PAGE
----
To be successful, a product should:


  • be possible and affordable with available technology you can actually buy or deploy
  • solve a well defined problem in an acceptable manner
  • fit within the constraints of either the manufacturing capability, logistics capability or market channels available


The last point is often overlooked. I was recently asked why we couldn’t design a product that cost $20 to make, have the range of a mobile phone, be manufactured in quantities of 100 of on demand, a development budget of under $20,000 and be able to be deployed with no infrastructure costs. This is an example of a wish list that can’t be realised as it is currently expressed. However, when we looked at it from a different perspective, we were able to come up with a solution. The questions we asked were:


  • why do they want it?
  • who do they wanted it for?
  • what problem is it meant to solve?
  • what is solving that problem worth to the end user / buyer?
  • what is the manufactured volume versus unit price trade-off?
  • what can it really cost to develop and manufacture and still be profitable?


And suddenly the impossible can become possible. In this case they knew their market well. It was just an example of the customer starting with a specification rather than using the resources around them to get to a specification that could lead to commercial success.


And ultimately, that is where a Product Specification is meant to lead to: commercial success.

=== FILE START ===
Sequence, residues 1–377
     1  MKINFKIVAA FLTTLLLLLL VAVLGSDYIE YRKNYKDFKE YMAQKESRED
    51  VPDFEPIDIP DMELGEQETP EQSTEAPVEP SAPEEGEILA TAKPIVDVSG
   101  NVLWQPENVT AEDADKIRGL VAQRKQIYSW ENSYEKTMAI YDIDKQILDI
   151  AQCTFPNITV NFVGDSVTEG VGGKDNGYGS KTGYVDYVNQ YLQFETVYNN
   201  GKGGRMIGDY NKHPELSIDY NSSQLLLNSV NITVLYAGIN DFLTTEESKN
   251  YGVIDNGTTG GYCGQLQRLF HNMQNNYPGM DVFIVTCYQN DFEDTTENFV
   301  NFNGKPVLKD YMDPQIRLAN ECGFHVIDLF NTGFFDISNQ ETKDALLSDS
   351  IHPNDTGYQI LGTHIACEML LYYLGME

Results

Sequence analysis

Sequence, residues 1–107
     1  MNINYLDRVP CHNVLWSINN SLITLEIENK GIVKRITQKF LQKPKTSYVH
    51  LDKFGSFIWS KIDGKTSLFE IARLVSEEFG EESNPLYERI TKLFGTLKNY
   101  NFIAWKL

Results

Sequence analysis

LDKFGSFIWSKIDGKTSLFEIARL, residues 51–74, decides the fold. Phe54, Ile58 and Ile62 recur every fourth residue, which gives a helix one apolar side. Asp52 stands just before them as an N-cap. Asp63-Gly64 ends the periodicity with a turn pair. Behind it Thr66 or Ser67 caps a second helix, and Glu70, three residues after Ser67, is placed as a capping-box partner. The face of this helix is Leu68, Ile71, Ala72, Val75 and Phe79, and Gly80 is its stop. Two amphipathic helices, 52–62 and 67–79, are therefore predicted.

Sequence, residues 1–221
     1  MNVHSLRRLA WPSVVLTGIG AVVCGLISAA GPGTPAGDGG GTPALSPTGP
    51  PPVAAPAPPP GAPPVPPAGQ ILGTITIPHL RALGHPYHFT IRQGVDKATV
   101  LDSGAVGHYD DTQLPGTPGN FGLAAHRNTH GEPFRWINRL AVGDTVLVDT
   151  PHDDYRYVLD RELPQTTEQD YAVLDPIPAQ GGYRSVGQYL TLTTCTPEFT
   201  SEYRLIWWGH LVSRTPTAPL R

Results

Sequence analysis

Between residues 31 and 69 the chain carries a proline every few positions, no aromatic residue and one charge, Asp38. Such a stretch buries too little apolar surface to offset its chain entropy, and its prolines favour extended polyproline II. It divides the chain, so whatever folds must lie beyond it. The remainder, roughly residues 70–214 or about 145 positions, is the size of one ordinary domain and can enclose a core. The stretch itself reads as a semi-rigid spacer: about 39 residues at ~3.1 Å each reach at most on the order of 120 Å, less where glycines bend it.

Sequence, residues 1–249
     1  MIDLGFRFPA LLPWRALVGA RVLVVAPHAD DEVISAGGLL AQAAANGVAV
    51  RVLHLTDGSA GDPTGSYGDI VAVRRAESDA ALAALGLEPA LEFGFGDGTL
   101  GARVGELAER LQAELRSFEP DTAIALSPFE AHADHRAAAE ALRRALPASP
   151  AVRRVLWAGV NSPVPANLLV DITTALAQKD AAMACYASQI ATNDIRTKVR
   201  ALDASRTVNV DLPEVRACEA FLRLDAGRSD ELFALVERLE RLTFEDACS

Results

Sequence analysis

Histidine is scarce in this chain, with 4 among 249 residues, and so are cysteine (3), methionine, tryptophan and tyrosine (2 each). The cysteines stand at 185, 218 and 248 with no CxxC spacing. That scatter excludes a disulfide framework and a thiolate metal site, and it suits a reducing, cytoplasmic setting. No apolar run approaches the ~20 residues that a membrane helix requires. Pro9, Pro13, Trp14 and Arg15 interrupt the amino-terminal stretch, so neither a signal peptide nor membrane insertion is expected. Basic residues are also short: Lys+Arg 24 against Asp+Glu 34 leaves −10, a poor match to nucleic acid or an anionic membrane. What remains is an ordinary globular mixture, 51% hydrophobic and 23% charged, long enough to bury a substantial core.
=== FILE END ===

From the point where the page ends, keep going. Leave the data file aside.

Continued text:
Successful Endeavours specialise in Electronics Design and Embedded Software Development. Ray Keefe has developed market leading electronics products in Australia for nearly 30 years. This post is Copyright © 2015 Successful Endeavours Pty Ltd.

Electronics Design for Green Manufacture?

Electronics Design for Green Manufacture

This is not as straight forward a topic as it might at first seem to be. And this is because there isn’t yet a unified agreement on exactly what Green Manufacture means. And like most Design Issues, you cannot do Electronics Design without clear requirements. So what are the requirements?


Here are some Green Manufacture requirements or targets:

  • reduce product Power Consumption
  • reduce manufacturing Power Consumption
  • add Renewable Energy options to the product
  • add Renewable Energy options to the manufacture process
  • reduce pollution or waste in the manufacture process
  • reduce energy involved in upstream or downstream processes
  • reduce pollution or waste in the upstream or downstream processes